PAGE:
it in 2007, and construction will start in 2008," said Richard Wallace,
vice president of communications for the Southern Forest Products Association,
based in Kenner, La.
"This is a crippled city that will need a lot of federal government
help. The damage was not caused by rain, but by heavy winds and water
that broke through poorly designed and built levees," Wallace said.
Not only is New Orleans below sea level, but also much of the housing
that was destroyed was built on land that was marsh and swamp. One New
Orleans native has doubts about the future of the city. "They may
rebuild the poverty," said Joey Garon, who left New Orleans in 1990
and is now vice president of operations for the Bonita Bay Group, a real
estate development firm in Bonita Springs, Fla.
"New Orleans had a lot going for it -- the music, bars, restaurants,
the history. But it was decaying before Katrina and suffering from political
mismanagement. They knew a hurricane was coming sometime and did nothing
to prepare for it," Garon said. "Now public housing has a chance
to be rebuilt in a positive way. But will it happen?"
Getting started on rebuilding could be hampered by shortages of both building
materials and skilled labor in the Gulf region. Ready to solve these problems
are the manufacturers of systems-built housing that is trucked to the
site and assembled. "I'm excited about participating in the rebuilding,"
said Buddy Jenkins, CEO of Safeway Homes, a modular house builder based
in Pearl, Miss. After a modular home is delivered from the factory, it
only takes a day or two to set it up on the foundation, and then two or
three weeks to install the plumbing, electrical and porches."
He added that modular houses are priced about the same as site-built homes
and appreciate in the same way.
"There's been a surge in manufactured homes after the hurricanes,"
said David Seiders, chief economist of the National Association of Home
Builders. "Rebuilding takes a lot of time, and the situation in New
Orleans is worse because of the flood damage. A lot of people will not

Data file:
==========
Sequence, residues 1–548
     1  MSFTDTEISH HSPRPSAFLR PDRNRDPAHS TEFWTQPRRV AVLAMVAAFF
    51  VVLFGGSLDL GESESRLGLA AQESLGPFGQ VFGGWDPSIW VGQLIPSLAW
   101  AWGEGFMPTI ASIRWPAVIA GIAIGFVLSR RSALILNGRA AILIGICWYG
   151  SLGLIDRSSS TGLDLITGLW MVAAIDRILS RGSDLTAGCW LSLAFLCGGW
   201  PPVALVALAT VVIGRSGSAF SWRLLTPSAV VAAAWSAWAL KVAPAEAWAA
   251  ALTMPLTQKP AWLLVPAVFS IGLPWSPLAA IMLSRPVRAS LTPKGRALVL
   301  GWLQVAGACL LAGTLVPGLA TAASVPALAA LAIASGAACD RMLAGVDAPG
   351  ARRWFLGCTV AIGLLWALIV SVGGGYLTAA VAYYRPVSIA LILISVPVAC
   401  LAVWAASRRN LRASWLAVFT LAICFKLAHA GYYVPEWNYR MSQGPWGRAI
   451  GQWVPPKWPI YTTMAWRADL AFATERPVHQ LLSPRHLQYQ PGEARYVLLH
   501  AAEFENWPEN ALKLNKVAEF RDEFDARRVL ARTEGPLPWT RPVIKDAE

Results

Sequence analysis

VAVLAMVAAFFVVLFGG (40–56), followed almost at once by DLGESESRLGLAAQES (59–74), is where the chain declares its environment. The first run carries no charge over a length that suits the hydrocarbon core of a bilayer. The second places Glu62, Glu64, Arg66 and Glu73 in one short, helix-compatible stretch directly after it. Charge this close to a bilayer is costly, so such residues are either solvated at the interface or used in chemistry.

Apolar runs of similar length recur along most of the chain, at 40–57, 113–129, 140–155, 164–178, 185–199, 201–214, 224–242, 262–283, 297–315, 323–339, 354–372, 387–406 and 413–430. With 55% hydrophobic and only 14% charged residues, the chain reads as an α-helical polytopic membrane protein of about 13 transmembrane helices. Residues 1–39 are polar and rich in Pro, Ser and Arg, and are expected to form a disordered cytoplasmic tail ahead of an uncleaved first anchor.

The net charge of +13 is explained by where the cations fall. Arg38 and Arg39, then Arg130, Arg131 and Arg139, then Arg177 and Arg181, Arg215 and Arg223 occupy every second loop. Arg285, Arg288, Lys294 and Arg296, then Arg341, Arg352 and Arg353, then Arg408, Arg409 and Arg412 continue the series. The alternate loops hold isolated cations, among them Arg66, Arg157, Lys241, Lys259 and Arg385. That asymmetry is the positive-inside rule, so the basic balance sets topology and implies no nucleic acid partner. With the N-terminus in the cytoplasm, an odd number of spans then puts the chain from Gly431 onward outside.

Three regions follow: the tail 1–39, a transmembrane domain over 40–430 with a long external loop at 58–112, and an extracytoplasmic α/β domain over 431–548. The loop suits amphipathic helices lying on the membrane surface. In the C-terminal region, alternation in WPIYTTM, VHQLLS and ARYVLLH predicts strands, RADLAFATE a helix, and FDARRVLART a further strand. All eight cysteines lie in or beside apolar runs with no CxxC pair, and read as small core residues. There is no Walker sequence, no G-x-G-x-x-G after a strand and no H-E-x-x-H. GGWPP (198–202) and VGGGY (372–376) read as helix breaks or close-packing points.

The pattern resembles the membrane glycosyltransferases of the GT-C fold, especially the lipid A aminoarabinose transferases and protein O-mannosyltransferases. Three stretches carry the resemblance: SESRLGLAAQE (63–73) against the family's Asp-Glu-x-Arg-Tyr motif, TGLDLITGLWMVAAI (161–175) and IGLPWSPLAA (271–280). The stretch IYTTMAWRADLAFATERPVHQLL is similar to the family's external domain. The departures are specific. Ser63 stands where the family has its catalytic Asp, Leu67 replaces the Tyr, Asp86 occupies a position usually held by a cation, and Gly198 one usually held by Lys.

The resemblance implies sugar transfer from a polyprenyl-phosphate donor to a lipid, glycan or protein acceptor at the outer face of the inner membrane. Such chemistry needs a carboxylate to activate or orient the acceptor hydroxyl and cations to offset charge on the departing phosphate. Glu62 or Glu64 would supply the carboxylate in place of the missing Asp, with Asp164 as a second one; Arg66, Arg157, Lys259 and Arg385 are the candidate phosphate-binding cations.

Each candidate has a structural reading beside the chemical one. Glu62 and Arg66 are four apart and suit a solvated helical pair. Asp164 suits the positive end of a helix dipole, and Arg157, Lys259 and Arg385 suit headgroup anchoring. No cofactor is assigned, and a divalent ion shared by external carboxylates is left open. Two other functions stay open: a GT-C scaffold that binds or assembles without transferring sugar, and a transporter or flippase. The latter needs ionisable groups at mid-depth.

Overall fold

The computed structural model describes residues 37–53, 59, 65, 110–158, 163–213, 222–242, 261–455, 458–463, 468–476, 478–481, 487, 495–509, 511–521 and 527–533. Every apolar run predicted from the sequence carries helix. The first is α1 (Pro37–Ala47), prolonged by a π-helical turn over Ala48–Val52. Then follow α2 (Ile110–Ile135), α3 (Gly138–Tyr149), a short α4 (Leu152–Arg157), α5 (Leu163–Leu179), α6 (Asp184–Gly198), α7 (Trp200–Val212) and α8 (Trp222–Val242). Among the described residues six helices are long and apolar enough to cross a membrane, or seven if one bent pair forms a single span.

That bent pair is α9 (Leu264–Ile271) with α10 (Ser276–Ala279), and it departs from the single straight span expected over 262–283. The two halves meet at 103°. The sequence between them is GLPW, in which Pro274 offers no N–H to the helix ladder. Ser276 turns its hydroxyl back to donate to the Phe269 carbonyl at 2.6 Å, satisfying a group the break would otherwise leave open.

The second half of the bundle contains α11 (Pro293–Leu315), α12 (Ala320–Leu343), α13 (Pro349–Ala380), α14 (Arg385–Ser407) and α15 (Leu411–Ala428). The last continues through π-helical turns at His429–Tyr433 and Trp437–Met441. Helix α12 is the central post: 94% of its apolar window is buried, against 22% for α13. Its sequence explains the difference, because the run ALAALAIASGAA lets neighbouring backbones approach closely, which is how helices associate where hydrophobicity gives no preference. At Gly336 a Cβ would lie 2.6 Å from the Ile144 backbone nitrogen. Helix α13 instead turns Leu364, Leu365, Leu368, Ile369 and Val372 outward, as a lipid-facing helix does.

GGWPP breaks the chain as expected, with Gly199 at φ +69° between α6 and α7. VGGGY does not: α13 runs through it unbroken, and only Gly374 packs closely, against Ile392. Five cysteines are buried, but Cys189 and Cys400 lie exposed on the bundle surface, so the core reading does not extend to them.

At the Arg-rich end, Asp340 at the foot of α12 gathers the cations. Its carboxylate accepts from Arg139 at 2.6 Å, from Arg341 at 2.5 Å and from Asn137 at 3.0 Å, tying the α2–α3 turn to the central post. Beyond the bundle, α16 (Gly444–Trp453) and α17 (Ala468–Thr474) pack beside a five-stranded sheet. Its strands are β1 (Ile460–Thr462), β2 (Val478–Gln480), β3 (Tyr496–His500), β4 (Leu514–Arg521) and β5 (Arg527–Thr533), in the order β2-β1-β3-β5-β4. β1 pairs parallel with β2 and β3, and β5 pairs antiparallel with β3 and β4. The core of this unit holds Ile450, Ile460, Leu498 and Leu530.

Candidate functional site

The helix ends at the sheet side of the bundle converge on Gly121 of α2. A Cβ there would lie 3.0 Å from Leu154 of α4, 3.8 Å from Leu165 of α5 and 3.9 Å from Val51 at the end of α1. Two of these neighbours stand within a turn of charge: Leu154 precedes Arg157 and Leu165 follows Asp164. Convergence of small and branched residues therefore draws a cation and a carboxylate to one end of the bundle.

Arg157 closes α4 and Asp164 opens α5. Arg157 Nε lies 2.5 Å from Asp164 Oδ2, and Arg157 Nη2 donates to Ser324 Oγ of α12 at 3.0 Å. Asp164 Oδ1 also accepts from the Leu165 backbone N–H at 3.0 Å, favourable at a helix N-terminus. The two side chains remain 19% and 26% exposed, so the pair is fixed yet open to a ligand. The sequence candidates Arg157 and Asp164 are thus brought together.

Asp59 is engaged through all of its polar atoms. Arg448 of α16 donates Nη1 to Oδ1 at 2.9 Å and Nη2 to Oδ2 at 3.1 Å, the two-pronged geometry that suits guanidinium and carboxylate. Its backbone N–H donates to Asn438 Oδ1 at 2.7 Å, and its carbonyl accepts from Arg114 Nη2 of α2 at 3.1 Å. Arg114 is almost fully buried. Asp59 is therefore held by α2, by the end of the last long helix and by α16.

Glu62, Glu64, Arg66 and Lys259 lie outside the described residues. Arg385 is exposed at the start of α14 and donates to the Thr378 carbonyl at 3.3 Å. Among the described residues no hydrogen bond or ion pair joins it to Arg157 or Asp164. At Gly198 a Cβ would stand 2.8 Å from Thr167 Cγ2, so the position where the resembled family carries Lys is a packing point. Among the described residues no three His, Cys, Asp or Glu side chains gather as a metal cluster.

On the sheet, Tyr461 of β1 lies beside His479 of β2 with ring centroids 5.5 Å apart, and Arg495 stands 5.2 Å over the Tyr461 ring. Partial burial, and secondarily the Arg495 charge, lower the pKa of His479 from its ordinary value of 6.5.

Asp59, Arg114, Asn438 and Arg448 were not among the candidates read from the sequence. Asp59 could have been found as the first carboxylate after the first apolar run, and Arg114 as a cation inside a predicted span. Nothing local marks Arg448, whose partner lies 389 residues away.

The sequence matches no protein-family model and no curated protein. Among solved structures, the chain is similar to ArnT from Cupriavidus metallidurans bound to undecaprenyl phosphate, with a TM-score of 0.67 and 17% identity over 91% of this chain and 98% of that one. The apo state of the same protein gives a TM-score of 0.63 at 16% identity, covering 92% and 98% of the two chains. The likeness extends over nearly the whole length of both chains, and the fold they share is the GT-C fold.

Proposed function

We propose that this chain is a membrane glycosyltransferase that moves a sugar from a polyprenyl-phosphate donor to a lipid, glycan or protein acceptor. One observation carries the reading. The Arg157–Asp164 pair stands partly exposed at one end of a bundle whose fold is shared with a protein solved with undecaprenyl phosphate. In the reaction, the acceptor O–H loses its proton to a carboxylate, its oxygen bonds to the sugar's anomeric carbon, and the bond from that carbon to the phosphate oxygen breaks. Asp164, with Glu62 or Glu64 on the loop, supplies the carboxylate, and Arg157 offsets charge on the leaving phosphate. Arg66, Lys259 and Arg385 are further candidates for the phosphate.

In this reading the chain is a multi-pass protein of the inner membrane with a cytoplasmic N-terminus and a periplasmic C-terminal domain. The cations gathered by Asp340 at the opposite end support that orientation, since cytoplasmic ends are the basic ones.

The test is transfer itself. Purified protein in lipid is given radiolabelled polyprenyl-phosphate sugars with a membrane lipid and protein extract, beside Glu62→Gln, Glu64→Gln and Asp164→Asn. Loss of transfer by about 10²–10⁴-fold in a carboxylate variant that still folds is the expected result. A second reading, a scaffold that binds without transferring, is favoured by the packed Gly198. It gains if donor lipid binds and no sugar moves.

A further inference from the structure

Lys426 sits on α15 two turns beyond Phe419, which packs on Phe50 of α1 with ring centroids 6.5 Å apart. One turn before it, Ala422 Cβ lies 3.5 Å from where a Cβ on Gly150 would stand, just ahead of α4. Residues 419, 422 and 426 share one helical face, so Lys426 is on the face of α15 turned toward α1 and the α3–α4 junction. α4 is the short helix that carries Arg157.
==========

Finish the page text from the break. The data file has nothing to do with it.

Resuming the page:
go back at all. Issues now include insurance and fixing the levees. I
don't see much rebuilding there soon," Seiders said. He estimated
the total of new houses to be built this year as a result of the hurricanes
will be 45,000. "That's not a large number, considering the devastation."
Charles Bevier, editor of Systems Built Magazine, estimates that 250,000
to 500,000 new homes will be needed for reconstruction. Bevier noted,
though, that some misconceptions persist about modular. "In the South,
when you say modular, many people think FEMA trailer." "We'll
be a huge supplier in the revitalization," said Michael Wnek, senior
vice president of Palm Harbor Homes, a modular builder based in Plant
City, Fla. "We've already shipped 700 to 800 to the Gulf. "We
can replicate housing in the New Orleans style. A lot of them will be
built on stilts. If they're smart, they'll be 8 feet above the water level
of a 100-year flood," Wnek said.
All rebuilding on the Mississippi Gulf Coast will be facilitated by Gavin
Smith, who recently was appointed by the governor as director of the office
of recovery, planning and policy. "The Mississippi coast is almost
like a clean slate," he said. "Rebuilding will be from the ground
up. "We need builders to take into account the architectural history
of the area. We need craftsmen to replicate the historical properties
that were lost. Thousands of existing buildings will be elevated on their
foundations. New flood advisory maps will help. It's going to take years
to do the job," Smith said.
The Mississippi Renewal Forum made recommendations for 11 communities
hit by the storm -- Gulfport, Biloxi, Bay St. Louis, D'Iberville, Pass
Christian, Gautier, Moss Point, Ocean Springs, Pascagoula, Long Beach
One of the suggestions is to grind up storm debris and use it to raise
low areas. This was the strategy used after the Great Chicago Fire of
1871, when debris from destroyed Loop buildings was dumped at the lakeshore
to form Grant Park. The forum also released a pattern book for rebuilding
that reflects the architectural traditions from French, Spanish and English
The house plans for the Gulf point out that builders must check the FEMA
requirements for minimum heights above sea level, to limit damage from
the next hurricane. "The coast is vulnerable," Smith said. "We
need to rebuild it stronger than it was before."
- - -
Starts at 300 square feet
$25,000 to $35,000
Can withstand winds up to 130 m.p.h.
Suited to expansion
Adaptable to local architecture
Available in studio and one-bedroom configurations